- And McGivens before he dies in another scene.
- Passing the Torch: The entire point of The Mask of Zorro seemed to involve this.
- The alternate ending to The Legend of Zorro does this with the aging Alejandro and his now-adult son Joaquin. This was changed, though, in order to allow for more sequels with the same actors.
- Pragmatic Adaptation: The original neatly introduced Zorro to a new generation by making Don Diego The Obi-Wan to a new Zorro and adding healthy lashings of tongue-in-cheek humour.
- Psycho for Hire: Captain Love in The Mask of Zorro and McGivens in The Legend.
- Racing the Train: A version of this happens in Legend of Zorro when Alejandro's son does this with the horse, Tornado, is racing to catch up to the train.
- Recycled In Space: Main character is a hopeless loser who gets trained up to be awesome by an old master? Not a particularly common plot for a swashbuckler, but extremely popular for kung fu movies.
- In a similar vein, during Alejandro's fight in the outpost with the dozens of guards, everybody stops swordfighting for a second and just pauses, going this way and that based on how Alejandro moves. A little reminiscent of Jidai Geki swordfights.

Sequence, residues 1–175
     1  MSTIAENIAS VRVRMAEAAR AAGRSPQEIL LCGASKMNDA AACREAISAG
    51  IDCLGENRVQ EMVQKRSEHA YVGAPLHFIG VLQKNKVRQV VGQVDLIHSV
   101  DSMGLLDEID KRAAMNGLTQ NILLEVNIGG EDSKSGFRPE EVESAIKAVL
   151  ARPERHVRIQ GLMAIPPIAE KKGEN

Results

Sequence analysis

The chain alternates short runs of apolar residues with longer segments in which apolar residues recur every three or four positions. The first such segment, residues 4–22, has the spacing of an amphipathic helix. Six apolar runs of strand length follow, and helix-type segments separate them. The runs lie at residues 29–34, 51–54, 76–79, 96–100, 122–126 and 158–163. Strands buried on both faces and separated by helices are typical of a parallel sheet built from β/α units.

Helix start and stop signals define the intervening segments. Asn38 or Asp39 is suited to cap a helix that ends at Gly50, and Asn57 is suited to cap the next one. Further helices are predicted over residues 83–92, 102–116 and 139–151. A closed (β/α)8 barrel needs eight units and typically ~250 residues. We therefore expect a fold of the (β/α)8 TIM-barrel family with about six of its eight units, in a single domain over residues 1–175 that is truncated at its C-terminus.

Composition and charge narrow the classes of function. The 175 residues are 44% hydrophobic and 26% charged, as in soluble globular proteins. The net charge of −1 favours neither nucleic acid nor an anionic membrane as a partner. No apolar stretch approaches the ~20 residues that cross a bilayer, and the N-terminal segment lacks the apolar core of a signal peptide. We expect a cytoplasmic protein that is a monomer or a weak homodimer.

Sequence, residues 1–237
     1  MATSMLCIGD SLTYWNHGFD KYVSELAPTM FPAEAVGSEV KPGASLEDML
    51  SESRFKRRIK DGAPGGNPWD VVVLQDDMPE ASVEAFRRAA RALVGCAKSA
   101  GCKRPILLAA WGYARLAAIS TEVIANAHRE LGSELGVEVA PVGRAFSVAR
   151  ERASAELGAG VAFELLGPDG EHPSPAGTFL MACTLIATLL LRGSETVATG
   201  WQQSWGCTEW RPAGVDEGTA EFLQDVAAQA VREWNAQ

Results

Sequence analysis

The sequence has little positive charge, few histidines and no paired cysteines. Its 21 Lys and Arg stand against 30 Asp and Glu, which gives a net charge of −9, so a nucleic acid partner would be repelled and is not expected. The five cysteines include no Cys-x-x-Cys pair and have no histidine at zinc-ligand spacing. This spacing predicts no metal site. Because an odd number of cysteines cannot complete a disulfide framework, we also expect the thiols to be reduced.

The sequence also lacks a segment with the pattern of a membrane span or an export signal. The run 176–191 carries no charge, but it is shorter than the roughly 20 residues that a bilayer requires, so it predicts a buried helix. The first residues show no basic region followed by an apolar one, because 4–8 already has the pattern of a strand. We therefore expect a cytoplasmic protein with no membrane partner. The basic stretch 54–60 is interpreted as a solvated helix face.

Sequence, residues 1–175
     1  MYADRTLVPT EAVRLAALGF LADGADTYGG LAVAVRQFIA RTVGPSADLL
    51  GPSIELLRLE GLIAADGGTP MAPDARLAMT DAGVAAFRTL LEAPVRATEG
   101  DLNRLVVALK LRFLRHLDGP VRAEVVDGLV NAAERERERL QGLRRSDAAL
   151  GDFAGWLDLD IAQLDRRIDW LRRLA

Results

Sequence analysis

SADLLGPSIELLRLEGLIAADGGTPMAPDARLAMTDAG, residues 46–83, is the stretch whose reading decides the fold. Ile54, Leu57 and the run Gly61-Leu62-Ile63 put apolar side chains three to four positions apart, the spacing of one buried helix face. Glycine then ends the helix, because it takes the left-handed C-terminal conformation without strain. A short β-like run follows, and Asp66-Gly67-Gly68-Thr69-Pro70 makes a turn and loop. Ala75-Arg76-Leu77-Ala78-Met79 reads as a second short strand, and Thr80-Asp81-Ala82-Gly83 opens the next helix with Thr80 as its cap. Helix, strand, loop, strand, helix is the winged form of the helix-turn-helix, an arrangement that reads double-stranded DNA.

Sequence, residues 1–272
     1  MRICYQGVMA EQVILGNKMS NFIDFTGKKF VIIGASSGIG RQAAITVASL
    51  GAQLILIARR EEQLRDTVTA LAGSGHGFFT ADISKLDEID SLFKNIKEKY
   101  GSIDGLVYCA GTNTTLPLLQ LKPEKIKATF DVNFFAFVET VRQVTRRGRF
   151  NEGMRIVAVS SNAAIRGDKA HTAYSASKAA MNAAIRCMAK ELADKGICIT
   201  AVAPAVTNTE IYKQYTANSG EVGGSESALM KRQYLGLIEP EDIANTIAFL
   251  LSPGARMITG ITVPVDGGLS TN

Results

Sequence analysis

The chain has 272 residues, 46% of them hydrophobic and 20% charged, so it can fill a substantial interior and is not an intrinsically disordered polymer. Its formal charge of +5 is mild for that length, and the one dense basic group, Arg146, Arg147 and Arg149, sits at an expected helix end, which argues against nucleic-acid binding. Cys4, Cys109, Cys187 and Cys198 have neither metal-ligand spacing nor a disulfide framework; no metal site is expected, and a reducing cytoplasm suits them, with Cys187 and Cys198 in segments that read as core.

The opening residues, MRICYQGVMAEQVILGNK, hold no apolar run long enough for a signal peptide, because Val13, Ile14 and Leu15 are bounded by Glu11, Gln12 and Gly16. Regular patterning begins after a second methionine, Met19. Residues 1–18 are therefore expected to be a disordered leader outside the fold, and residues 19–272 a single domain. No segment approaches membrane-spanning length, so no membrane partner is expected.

- Say My Name: At the climax Diego and Rafael have an understated version, where it's practically a whisper. It actually makes it more powerful.
Rafael: de la Vega.
Diego: Rafael. (punches him).
- Screams Like a Little Girl: Both villains in The Legend before they die...
- Self-Proclaimed Knight: Don Diego de la Vega as the mysterious black-clad rider who fights injustice in Spanish California in The Mask of Zorro and Don Alejandro Murrieta de la Vega in The Legend of Zorro.
- Slap-Slap-Kiss: Played rather cleverly during and after Elena and Zorro's swordfight. Also present in the sequel.
- Shameful Strip: Zorro stripping Elena at the end of their sword fight most definitely counts.
- Shout-Out: "This belongs in a museum...and so do you."
- Spirited Young Lady: Elena wants to keep the commandments and tries to behave the way her father would like her to but her heart is too wild. She can both dance gracefully with Captain Harrison Love or sword fight with Zorro. She also makes her view of politics knows at dinner.